Summary

  • People experiencing psychosis are unable to distinguish what is real.
  • Psychosis is associated with a number of illnesses that affect the brain.
  • Medication and community support can relieve, or even eliminate, psychotic symptoms.

Around three per cent of people will experience a psychotic episode at some point in their life. In any given 12-month period, just under one in every 200 adult Australians will experience a psychotic illness.

The period of time where people experience psychotic symptoms is known as an ‘episode’ of psychosis. Some people only experience a few episodes of psychosis, or a brief episode that lasts for a few days or weeks. Others will experience symptoms more frequently, in association with a longer-term illness such as schizophrenia. 

The first episode of psychosis usually occurs in a person's late teens or early 20s.

Symptoms of psychosis 

Symptoms of psychosis include:

  • confused thinking
  • delusions – false beliefs that are not shared by others
  • hallucinations – hearing, seeing, smelling or tasting something that isn't there
  • changed behaviours and feelings. 

Confused thinking and psychosis

During an episode of psychosis a person’s thoughts become confused. Words and ideas lose their meaning or take on meanings that make no sense. 

These disturbances in thinking can affect a person's ability to concentrate, remember things and make plans. Confused thinking can continue, even after the psychotic episode has ended.

You may be able to tell that someone is having an episode of psychosis through changes in their speech. These may include:

  • speaking very quickly or slowly
  • changing topics frequently
  • speaking in muddled-up sentences
  • using the wrong words to describe things
  • making up words.

Delusions and psychosis

Delusions are false beliefs that are not shared by others. Delusions can take various forms, including:

  • paranoid delusion – for example, the person believes they are being watched and singled out for some harmful purpose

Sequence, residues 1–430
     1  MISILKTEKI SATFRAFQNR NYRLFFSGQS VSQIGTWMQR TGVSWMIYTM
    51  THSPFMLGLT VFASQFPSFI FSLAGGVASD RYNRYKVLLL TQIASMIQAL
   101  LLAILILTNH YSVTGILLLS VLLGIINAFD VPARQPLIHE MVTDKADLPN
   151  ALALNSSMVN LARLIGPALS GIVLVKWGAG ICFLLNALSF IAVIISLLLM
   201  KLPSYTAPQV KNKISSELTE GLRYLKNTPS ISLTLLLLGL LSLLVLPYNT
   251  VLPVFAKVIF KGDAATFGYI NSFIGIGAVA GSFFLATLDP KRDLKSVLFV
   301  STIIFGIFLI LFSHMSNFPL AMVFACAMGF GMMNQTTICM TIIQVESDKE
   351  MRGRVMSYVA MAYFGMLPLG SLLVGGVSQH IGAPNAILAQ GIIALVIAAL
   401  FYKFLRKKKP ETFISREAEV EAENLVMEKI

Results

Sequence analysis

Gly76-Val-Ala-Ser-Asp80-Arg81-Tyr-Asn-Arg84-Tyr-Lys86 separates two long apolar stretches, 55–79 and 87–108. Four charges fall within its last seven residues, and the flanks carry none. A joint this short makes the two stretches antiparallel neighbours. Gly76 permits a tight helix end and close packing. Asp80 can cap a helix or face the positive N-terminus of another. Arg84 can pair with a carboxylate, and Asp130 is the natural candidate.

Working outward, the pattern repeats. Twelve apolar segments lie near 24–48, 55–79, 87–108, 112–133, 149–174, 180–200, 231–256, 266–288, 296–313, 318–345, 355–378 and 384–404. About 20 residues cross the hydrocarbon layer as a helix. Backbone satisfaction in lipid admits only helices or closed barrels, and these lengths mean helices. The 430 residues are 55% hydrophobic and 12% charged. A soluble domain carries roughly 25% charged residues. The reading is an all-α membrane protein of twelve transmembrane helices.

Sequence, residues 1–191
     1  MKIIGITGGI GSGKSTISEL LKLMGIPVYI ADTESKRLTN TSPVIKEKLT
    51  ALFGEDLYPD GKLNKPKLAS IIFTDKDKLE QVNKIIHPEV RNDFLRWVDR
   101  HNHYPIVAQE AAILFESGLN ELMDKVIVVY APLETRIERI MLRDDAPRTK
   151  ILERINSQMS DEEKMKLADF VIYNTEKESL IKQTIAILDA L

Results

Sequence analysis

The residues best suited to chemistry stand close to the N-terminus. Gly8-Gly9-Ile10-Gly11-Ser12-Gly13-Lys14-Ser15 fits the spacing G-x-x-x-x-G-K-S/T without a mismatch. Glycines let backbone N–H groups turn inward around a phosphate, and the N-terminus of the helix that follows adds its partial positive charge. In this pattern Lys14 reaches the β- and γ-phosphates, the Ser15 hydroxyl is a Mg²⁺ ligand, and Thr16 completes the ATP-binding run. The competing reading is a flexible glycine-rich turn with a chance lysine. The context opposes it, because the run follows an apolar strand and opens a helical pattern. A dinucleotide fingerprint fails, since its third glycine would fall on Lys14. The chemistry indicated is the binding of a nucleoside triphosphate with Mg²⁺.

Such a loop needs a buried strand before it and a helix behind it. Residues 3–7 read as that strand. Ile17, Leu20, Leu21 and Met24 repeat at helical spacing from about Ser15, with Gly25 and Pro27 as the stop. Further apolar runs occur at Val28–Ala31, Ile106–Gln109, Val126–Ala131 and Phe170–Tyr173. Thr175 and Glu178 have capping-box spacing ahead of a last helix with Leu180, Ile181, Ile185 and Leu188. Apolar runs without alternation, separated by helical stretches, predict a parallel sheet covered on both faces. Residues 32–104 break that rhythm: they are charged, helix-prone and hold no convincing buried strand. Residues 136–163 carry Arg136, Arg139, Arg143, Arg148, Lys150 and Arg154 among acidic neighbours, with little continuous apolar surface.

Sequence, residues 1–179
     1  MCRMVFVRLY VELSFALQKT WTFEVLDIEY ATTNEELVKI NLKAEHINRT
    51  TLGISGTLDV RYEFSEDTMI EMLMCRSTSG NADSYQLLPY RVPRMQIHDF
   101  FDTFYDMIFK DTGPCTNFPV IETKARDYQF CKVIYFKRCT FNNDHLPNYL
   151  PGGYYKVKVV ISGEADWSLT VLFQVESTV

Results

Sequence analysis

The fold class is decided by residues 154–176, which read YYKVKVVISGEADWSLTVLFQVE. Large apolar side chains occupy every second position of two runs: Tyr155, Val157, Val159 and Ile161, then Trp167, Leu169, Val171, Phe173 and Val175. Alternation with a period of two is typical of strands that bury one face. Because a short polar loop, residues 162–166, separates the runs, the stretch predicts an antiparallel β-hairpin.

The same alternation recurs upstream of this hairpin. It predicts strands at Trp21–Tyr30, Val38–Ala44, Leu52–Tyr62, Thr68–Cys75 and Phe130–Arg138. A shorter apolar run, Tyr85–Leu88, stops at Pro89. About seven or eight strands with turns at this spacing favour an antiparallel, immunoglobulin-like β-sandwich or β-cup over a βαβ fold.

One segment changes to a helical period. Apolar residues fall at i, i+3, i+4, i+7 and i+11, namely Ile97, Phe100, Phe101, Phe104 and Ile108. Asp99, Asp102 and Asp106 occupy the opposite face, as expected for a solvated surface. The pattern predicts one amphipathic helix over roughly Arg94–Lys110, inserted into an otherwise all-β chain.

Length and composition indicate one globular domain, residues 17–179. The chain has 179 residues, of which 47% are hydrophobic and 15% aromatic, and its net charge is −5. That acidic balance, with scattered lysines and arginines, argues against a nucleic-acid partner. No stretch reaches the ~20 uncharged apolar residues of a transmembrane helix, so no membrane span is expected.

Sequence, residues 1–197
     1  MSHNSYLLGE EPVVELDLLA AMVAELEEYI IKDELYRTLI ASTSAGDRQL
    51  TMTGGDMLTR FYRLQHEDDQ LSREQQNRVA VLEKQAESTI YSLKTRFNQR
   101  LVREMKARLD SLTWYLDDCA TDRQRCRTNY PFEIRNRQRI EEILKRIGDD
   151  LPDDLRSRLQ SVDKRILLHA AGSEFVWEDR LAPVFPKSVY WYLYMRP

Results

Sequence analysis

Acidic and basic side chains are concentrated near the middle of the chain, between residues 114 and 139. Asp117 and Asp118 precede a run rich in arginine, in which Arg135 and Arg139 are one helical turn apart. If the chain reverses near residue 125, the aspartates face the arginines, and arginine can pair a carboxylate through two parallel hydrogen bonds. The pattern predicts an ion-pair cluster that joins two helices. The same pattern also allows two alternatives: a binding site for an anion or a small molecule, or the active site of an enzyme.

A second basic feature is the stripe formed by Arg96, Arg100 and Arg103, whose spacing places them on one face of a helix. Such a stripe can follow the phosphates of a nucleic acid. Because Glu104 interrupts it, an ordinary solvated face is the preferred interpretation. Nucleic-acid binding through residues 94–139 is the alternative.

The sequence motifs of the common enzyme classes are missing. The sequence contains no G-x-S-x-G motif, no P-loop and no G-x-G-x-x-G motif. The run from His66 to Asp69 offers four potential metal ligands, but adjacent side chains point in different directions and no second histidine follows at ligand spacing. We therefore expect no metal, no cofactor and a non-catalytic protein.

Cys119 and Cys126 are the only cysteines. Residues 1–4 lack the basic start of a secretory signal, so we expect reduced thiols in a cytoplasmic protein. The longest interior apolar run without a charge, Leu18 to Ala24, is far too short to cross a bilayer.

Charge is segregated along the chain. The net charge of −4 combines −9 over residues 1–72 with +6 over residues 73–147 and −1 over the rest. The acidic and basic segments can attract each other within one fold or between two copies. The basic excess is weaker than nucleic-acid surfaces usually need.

• grandiose delusion – for example, the person believes they have special powers or that they are an important religious or political figure
  • reference delusion – for example, the person believes they are receiving special messages or codes through media such as TV shows, songs or advertising
  • control delusion – for example, the person believes their thoughts are being controlled or influenced by outside forces such as aliens, some real or invented group, an individual or something more vague
  • somatic delusion – for example, the person believes something has happened to their body – something is wrong with it, some part of it is missing or dead, they have a disease or are infested with parasites
  • depressive delusion – for example, the person believes they are guilty of some terrible crime.

Hallucinations and psychosis

A hallucination is when someone hears, sees, smells or tastes something that isn't there. A common form of hallucination is to hear voices that aren't there. Hallucinations can lead to agitation, distress, frustration and even hostility.

Changed behaviour and psychosis

Psychosis can affect a person’s behaviour. A person with psychosis may experience:

  • social isolation or becoming withdrawn 
  • problems with work, social or family life
  • problems with motivation 
  • problems with increased activity